Keibler referred again to an answer for all eight recommendations. And again he received a response that board members simply don’t see the necessity to answer the eight recommendations.     
“They were recommendations by planning and zoning, not directives. And we considered the recommendations very seriously.” Fletcher told Keibler.  
As Keibler worked to wrap up his comments it became clear that board members grew tired of the twists and turns that ultimately landed on the same questions about the eight recommendations.
With time running long, Fletcher suggested that the school board and Keibler simply “agree to disagree” and move on.
Keibler refused to accept, but made a compromise that guaranteed Keibler a return to the podium at the end of the meeting.
   The next speaker approached the podium only to relinquish his turn as his questions also related to the eight recommendations.
As he sat down Anne Coorsen, general counsel for Oldham County Schools, offered answers to the audience regarding the different recommendations.
And while she did not go from one to eight on the list she took the time to outline that some of the recommendations simply did not include the input of school board members as they are  base-level decisions such as landscaping choices or the workings of future facilities management as it relates to parks, fields or the usage of facilities yet to be built.
  She also pointed out that Oldham County Schools would be implementing items such as architectural design into the Brownsboro plan that will exceed the recommendations given by planning and zoning as well as exceed standards set by the state.
As she worked through several minor points relating to the list of eight, she came upon recommendation seven – that Oldham County Schools report to Oldham fiscal court.
Coorsen strongly advised against it.  
“They do not govern us. They have no jurisdiction over the board of education, they don’t have the information needed to justify where a school campus goes.  That is exclusively the job of the board of education,” Coorsen said.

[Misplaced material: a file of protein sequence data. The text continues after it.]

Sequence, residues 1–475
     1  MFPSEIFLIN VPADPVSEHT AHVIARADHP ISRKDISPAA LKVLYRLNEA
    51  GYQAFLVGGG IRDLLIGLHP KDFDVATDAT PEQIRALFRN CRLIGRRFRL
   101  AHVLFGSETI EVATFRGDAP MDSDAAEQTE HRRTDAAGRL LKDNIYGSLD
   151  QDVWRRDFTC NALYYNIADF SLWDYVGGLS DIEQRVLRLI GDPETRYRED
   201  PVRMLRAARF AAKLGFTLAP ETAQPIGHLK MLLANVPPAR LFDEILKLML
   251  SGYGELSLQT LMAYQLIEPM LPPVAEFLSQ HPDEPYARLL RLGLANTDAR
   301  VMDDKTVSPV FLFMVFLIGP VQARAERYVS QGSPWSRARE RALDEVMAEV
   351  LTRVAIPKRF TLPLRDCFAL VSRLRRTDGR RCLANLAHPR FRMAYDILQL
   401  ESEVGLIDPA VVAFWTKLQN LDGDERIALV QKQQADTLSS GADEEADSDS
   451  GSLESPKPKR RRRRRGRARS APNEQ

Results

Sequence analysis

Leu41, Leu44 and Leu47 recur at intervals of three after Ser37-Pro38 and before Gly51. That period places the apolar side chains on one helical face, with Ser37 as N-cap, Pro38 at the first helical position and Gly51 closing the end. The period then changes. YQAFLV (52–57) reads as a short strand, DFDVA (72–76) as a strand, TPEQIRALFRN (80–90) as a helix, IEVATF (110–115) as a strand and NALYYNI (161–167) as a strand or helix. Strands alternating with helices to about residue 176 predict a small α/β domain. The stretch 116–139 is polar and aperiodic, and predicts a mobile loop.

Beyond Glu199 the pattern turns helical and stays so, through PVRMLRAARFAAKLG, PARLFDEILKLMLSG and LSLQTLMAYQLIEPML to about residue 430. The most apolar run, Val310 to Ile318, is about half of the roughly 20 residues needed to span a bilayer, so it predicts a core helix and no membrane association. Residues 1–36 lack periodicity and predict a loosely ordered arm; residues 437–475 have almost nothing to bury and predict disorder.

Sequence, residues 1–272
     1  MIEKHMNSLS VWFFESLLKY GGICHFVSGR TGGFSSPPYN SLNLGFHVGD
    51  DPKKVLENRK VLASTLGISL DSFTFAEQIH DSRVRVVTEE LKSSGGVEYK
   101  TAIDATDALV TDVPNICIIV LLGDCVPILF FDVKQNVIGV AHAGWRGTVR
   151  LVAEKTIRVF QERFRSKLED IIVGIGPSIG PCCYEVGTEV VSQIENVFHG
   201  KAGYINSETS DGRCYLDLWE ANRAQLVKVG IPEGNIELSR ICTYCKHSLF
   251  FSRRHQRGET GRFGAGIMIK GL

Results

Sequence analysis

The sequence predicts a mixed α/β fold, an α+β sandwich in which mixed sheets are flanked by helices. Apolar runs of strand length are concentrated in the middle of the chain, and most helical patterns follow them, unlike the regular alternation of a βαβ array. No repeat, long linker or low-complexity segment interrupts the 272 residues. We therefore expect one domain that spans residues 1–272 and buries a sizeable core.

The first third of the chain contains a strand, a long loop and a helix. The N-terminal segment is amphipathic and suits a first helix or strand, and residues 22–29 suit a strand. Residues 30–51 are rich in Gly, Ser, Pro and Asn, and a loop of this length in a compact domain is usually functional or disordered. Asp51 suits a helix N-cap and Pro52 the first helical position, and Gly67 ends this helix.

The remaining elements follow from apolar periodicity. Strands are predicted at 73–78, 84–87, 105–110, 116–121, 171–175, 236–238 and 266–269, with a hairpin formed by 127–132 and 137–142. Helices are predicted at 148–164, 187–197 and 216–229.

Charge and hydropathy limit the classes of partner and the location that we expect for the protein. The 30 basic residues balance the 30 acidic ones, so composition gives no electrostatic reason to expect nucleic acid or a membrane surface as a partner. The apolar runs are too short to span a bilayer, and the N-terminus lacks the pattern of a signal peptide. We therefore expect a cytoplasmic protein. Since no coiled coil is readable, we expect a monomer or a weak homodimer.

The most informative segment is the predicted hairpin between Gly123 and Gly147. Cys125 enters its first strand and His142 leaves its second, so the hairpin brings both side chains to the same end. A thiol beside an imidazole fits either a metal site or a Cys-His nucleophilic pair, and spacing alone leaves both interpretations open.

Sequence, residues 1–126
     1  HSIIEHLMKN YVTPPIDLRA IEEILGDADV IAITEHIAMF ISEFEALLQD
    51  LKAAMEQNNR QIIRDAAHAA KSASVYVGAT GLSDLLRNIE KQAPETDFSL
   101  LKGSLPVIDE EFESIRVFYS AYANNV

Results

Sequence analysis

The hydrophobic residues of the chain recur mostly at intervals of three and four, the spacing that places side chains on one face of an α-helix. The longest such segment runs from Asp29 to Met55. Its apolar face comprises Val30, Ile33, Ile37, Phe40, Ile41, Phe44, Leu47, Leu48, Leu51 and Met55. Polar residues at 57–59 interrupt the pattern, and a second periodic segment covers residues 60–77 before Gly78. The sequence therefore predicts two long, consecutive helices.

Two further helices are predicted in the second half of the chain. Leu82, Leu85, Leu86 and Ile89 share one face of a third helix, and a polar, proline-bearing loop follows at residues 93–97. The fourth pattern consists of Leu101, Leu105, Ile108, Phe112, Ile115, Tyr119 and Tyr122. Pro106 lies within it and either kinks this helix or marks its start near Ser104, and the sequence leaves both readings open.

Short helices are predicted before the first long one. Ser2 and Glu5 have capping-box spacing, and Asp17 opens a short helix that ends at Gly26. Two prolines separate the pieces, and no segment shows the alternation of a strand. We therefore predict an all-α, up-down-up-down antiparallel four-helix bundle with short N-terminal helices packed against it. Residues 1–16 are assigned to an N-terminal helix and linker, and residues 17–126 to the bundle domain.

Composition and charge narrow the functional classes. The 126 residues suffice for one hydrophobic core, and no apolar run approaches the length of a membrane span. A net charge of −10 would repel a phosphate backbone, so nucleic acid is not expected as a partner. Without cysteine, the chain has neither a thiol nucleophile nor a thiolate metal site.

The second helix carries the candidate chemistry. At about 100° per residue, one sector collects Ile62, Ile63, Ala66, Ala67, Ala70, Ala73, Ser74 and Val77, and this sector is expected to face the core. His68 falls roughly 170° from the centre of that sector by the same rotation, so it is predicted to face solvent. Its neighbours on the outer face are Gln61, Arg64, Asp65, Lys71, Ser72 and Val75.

She said town hall meetings are intended to create dialogue between the school board and residents, but in the end, the decisions made, are strictly at the discretion of school board members.
If constituents are unhappy with the decisions of the school board, Coorsen suggested they elect new school board members.
As the meeting continued, Magistrate J.D Sparks  approached the podium and said the board is good at  “lawyering up.”
He emotionally recanted many occasions he’s witnessed residents’ unsuccessful attempts to communicate with the school board  regarding the Brownsboro project.
Sparks commented on what he felt was disrespectful behavior; case in point was Keibler’s request for a written response to which he was flatly denied.
In his summary, Sparks asked the board if there was anything that anyone could have said to change their minds about building an elementary school in Brownsboro.
First, Upchurch addressed Keibler’s request and he said he never promised Keibler that he would respond. Upchurch said the board has spent years looking for a school site in the Brownsboro area, and board members must make decisions based on what is right for students – a standard that doesn’t always please everyone.
 The clock continued to tick, the words continued to flow, and in the end, plans for a Brownsboro school will proceed with or without recommendations or the blessing of others.  
Next week, The Oldham Era looks deeper into the aspect of the Brownsboro school project. E-mail us about this story at: publisher@oldhamera.com.